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mi hija preciosa

by Liberty


xii. mi hija preciosa

i saw your little eyes
for the first time -
they were closed.
and your fists were clenched
in small, tight balls.
your toes were curled.
and when you opened your eyes -
those little brown orbs -
made me want to melt.

now you're a big girl,
sleeping on the couch
right beside me
as i write this poem for you.
these will be the last words
from me to you.
so i hope you cherish them
as much as i cherish you,
*mi hija preciosa

.

*'mi hija preciosa' is Spanish for 'my precious daughter'

.

A/N: I messed up the capitalization on purpose, so don't bother saying anything about that. :) 


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29 Reviews


Points: 38
Reviews: 29

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Mon Jun 01, 2020 1:35 pm
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Beautifulsparkle wrote a review...



Hello, this poem was a very beautiful one especially because it's about a father describinghis infant daughter. I think there was a lot of emotion in this poem, and i liked how you made the poem rhyme. My favourite lines were

"i saw your little eyes
for the first time -
they were closed.
and your fists were clenched
in small, tight balls.
your toes were curled.
and when you opened your eyes -
those little brown orbs -
made me want to melt."

I especially likes the line where you said her eyes made you want to melt, because it shows the unconditional, pure love between parent and child.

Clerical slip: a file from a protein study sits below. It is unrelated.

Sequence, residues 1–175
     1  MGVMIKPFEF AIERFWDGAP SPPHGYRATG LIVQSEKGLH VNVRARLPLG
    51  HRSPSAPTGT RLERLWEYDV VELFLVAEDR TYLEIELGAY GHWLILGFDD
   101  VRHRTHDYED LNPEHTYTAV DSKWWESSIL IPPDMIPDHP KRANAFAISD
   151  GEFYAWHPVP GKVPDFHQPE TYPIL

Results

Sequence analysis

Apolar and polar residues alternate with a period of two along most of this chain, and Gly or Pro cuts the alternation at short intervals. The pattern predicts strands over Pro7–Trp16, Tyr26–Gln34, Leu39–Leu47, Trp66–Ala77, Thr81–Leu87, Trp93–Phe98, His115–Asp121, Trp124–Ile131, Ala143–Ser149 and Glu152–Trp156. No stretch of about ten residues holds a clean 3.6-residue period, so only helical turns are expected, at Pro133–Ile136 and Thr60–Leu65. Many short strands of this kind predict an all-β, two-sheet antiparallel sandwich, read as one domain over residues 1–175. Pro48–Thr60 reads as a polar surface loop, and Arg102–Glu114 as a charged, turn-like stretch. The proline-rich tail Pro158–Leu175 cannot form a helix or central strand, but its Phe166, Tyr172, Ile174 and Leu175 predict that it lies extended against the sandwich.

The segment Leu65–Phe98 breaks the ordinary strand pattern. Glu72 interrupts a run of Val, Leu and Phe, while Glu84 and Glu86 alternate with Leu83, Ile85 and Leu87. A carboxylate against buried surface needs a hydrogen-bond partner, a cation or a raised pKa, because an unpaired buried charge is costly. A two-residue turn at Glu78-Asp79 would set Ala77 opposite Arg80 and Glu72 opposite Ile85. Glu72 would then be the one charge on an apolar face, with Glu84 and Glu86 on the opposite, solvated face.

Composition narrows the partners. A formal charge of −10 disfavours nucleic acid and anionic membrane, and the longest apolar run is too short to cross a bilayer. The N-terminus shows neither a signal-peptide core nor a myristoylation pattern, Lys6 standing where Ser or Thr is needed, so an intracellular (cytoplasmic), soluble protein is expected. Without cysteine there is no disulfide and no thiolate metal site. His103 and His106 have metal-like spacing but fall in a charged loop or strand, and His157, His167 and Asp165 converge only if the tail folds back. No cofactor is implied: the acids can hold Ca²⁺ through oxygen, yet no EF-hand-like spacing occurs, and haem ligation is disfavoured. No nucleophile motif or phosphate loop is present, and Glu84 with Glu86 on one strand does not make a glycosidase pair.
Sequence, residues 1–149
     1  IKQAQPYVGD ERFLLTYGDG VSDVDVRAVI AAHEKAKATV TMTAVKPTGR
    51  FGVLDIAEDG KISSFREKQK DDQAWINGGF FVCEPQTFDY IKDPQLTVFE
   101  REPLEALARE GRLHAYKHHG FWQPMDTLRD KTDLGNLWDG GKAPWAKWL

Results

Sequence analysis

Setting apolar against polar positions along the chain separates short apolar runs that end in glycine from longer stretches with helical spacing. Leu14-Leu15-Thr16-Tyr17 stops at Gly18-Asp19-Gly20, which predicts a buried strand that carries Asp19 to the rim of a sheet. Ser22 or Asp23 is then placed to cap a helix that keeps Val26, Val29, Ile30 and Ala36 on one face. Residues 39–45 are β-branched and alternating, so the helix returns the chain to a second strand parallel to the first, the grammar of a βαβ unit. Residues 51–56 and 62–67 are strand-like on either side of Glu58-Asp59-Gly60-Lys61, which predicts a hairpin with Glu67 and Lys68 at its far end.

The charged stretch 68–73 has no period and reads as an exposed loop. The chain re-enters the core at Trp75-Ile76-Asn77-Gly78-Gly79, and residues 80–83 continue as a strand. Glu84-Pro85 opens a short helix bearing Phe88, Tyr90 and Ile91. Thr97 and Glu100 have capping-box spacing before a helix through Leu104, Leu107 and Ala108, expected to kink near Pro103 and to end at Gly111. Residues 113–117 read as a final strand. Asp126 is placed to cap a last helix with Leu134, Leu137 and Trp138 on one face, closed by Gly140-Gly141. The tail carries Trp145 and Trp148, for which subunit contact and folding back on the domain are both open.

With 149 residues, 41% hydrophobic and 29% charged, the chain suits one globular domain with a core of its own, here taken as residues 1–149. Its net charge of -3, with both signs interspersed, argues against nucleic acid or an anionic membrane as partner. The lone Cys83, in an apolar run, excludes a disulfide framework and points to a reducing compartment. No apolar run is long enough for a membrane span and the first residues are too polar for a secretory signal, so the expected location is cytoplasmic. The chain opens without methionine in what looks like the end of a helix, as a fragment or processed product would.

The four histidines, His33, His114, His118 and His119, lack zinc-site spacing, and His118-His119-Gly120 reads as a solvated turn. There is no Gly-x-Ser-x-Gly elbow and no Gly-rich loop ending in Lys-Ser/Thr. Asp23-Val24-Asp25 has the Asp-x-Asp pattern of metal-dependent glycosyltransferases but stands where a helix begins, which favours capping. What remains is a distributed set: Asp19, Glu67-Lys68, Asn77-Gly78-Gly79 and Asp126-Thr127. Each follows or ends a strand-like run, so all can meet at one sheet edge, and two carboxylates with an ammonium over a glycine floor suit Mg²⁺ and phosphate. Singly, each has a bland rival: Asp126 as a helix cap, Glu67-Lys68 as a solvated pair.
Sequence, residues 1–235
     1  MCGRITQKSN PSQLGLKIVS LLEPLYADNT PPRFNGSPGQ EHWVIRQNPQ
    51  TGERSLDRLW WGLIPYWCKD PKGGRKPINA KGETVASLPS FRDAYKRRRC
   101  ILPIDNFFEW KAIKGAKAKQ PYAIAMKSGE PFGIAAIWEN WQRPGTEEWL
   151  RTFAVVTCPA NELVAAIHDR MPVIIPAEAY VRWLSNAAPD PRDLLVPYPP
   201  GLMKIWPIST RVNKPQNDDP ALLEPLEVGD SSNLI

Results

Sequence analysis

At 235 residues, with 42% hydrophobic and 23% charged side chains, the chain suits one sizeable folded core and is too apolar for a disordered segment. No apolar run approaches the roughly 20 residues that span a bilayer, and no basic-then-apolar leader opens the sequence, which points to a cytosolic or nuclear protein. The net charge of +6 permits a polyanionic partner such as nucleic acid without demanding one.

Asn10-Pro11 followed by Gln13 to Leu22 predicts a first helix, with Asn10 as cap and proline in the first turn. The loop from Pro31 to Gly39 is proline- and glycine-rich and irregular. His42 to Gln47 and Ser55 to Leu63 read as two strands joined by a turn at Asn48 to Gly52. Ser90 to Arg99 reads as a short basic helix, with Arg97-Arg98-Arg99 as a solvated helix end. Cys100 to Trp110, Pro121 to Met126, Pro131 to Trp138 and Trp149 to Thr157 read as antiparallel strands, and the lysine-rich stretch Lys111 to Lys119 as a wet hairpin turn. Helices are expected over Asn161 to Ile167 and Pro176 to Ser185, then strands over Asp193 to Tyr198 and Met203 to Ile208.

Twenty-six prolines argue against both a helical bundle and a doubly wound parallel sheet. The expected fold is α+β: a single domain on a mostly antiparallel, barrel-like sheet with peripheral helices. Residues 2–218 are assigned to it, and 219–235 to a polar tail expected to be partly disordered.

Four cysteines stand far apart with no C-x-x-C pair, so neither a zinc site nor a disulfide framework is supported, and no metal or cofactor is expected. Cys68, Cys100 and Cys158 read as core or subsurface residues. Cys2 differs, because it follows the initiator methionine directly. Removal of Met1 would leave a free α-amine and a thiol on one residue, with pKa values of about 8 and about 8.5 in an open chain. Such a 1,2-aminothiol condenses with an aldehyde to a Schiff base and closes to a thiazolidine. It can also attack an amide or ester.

I liked how in the second stanza you taljked about the daughter now all grown up and about how much you cherish her.




Liberty says...


Thanks so much!! <333



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Sun May 31, 2020 3:31 pm
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Tenyo wrote a review...



Hey Liberty!

There's something beautifully solemn about this. Describing an infant in second person makes it feel a lot more intimate. I think it's partially because second person perspectives tend to feel more personal anyway, but also by doing it in this context you're kind of pushing the reader from being in that very safe, protected place into something much less safe in the second stanza, and the effect is brilliant. It's almost like a false sense of security... but in a way that's not as sinister as it usually sounds.

The ambiguity is great too. The girl and her mother could be any age, in any circumstance. They could still be young, and having to sleep on a couch because they're poor, or they could be much older and the daughter has simply come to visit and taken a nap. Although you mention it in the comments, in the poem itself it never even specifies that the narrator is even her mother. That ambiguity makes the sentiment a lot stronger because it's so universal for that relationship between a parent and their child to stay the same even when that child is grown up.

This was a great and really wholesome read. Thank you for posting!




Liberty says...


Thanks for the review! :] Glad you enjoyed it~



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Sun May 31, 2020 12:56 am